MOSCOW, February 27. /TASS/. Russian President Vladimir Putin has confessed that the idea of having a body double was floated for the sake of ensuring the safety of the head of state in the early 2000s, but he rejected it.
"I discarded the idea of any doubles," Putin told TASS in an interview for the project entitled "20 Questions with Vladimir Putin." "This was during the toughest time of our war against terrorism."
Putin recalled that in the early 2000s, he had been advised that a body double should substitute for him at events where the head of state might be at risk. The idea was rejected once and for all.
Putin and his interviewer, Andrei Vandenko, found out that an Internet search for "Putin’s double" was among the most popular on the world wide web. The public at large often expressed similar assumptions as far back as 20 years ago. On December 24, 2001, a woman from the Kostroma Region asked this question during a live broadcast. She speculated that a double might be helpful when holding very important meetings, even top-level ones. Putin then replied that he had no political decoy. Another incident like this occurred in Sochi in August 2009, when Putin and then Prime Minister Dmitry Medvedev decided to take a stroll along the waterfront among locals and visiting holiday-goers. A woman then remarked that the two were really doubles of the president and prime minister. "We are not doubles, we are real," Medvedev replied, smiling back.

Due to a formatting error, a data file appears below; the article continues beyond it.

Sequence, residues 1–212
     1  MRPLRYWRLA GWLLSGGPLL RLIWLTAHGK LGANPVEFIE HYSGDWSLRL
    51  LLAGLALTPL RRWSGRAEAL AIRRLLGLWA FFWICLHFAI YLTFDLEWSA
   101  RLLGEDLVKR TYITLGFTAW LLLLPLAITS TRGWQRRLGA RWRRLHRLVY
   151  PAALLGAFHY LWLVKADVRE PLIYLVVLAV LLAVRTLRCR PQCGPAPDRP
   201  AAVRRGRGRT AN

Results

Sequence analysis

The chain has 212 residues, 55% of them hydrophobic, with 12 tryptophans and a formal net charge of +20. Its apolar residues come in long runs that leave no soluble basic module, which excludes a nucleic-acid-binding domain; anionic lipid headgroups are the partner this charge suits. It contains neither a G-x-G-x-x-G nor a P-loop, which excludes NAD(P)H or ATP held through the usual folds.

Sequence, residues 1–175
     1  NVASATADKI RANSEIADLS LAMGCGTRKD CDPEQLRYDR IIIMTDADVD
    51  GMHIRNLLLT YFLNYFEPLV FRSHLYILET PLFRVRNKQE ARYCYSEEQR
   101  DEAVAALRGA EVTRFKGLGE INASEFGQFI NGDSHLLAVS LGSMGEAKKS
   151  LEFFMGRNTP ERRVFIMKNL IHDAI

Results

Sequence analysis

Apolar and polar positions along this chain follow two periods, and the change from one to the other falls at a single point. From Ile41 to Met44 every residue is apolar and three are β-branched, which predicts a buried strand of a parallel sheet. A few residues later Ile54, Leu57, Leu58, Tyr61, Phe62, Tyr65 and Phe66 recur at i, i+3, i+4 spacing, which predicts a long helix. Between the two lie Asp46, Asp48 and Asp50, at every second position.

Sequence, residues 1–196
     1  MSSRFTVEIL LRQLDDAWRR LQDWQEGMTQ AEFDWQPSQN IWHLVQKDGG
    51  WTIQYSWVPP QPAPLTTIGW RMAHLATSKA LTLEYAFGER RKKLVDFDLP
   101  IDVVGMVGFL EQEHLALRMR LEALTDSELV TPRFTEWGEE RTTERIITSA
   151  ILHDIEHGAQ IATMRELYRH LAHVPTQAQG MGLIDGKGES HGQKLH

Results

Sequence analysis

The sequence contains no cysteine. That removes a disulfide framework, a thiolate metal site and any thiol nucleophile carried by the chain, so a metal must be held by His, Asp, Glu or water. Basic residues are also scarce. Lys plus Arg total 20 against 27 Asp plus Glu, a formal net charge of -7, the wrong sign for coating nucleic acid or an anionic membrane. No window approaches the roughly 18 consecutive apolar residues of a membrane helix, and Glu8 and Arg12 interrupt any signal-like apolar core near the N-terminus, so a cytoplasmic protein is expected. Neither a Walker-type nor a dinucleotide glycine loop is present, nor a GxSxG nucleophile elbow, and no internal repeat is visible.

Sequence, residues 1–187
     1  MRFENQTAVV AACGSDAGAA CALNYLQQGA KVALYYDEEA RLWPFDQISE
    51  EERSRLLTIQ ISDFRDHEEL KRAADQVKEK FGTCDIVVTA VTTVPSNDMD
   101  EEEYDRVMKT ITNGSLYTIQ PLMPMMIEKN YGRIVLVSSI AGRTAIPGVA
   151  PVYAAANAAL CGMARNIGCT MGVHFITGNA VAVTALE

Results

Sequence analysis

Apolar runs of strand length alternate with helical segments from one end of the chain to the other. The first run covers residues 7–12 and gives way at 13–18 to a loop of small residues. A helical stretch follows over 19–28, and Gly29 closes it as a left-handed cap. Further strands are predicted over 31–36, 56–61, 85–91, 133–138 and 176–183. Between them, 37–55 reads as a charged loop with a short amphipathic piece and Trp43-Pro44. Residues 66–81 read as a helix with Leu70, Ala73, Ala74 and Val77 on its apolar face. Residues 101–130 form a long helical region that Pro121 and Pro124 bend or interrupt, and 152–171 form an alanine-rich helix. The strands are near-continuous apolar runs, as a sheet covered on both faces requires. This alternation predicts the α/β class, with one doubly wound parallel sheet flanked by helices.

In August 2000, Yevgeny Murov, then head of Russia’s federal bodyguard service, the FSO, told TASS in an interview that Putin had no doubles. He dismissed all rumors on that score as gossip and nonsense. He acknowledged that Russia’s special services had to check from time to time on likely threats against the head of state that were coming from terrorists back then. Murov added that the decision to use a double would be tantamount to admitting that the security of the Russian leader left much to be desired. Such a measure was just unnecessary.
Episode 5 of the video interview is available at https://putin.tass.ru/en.